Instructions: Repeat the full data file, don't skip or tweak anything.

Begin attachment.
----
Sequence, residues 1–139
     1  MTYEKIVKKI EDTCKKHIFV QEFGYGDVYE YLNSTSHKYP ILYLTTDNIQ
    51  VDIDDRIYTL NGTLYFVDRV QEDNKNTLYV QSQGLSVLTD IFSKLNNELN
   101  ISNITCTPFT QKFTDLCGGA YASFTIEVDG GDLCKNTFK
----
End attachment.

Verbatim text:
Sequence, residues 1–139
     1  MTYEKIVKKI EDTCKKHIFV QEFGYGDVYE YLNSTSHKYP ILYLTTDNIQ
    51  VDIDDRIYTL NGTLYFVDRV QEDNKNTLYV QSQGLSVLTD IFSKLNNELN
   101  ISNITCTPFT QKFTDLCGGA YASFTIEVDG GDLCKNTFK